If you are a nominee, all remaining materials (unofficial transcripts, letter of reference, application form and final copies of your resumé and essay) will be due to Martha Krohn ( on Monday, November 23, 2015.
1. Unofficial transcripts: An academic transcript from universities previously attended (unofficial accepted). An academic transcript from your current graduate program. The Fall 2015 semester transcript with grades should be sent when available (in early January 2016).
2. Reference Letter: If you are selected as a nominee, you will need to submit a letter of reference from a professor or professional associate with direct knowledge of your interests and abilities. NOTE: Please inform your proposed recommender that you may be requesting such a letter in mid-November. It may also be helpful to offer to draft the letter.
3. Application form

Martha Krohn, MA | Associate Director of Career Services

Humphrey School of Public Affairs - University of Minnesota | Ph: 612.625.3585 begin_of_the_skype_highlighting 612.625.3585 FREE end_of_the_skype_highlighting | Fax: 612.626.0002
Fall 2015 Drop-In (No Appointment Needed!): Wednesdays, 1-2:30 in Room HHH280
To make an appointment online, go to our website:

Oct 29 50 Years of Immigration History Research Center & Archives

Oct. 29 - Exhibit reception: People on the Move

The Immigration History Research Center will celebrate its 50th anniversary with the opening of "People on the Move: 50 Years of Documenting and Researching Migration Experiences at the Immigration History Research Center & Archives." 5-7 p.m., Elmer L. Andersen Library. Register and learn more >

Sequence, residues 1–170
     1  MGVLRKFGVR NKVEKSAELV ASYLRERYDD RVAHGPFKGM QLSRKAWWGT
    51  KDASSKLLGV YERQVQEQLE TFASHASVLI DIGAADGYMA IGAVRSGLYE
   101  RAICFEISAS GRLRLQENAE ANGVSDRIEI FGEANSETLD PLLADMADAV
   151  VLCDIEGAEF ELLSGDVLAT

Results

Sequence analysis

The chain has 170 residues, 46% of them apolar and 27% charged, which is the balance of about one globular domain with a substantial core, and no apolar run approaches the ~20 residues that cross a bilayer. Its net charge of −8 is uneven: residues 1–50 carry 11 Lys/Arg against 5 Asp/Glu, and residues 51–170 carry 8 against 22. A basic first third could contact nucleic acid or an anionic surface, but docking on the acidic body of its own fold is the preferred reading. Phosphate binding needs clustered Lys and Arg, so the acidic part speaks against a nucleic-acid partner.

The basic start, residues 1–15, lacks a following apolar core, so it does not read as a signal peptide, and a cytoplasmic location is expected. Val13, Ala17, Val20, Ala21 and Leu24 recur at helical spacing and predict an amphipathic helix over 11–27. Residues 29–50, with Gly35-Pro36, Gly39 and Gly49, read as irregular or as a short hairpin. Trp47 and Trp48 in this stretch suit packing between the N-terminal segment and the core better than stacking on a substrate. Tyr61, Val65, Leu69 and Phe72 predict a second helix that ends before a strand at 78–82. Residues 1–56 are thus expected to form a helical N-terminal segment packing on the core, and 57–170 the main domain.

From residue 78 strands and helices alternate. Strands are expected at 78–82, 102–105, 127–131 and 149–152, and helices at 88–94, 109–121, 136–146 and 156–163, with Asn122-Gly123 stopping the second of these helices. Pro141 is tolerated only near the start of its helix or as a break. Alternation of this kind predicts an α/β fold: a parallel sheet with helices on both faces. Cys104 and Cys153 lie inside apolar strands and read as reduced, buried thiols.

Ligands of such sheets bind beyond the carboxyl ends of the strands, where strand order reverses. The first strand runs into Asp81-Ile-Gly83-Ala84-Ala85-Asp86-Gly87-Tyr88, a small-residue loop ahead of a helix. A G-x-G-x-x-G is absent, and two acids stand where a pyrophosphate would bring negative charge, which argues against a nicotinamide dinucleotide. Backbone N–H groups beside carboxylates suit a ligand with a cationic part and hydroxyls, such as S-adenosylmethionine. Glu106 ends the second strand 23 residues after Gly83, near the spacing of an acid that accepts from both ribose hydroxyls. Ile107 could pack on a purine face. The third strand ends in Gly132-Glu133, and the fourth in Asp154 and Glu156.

Oct 19 "Covering National Security Issues in the Post 9/11 World"

30th Annual Silha Lecture:
"Clear and Present Danger:  Covering National Security Issues in the Post 9/11 World"
with James Risen, Pulitzer Prize winning New York Times investigative journalist, and attorney Joel Kurtzberg

October 19, 2015  7:30 PM
Coffman Theater, Coffman Memorial Union
University of Minnesota East Bank

Since the attacks of September 11, 2001, government officials often justify secrecy as necessary to protect national security. But without information, how can citizens hold their government accountable? To gather the news the public needs to know, journalists may turn to sources who will speak only on the condition that their identities are kept confidential. When leaks trigger criminal investigations, zealous prosecutors subpoena reporters to force them to reveal their sources. Journalists who refuse to testify face the threat of fines and jail. The result is a no-win situation for sources, for journalists, and for the public.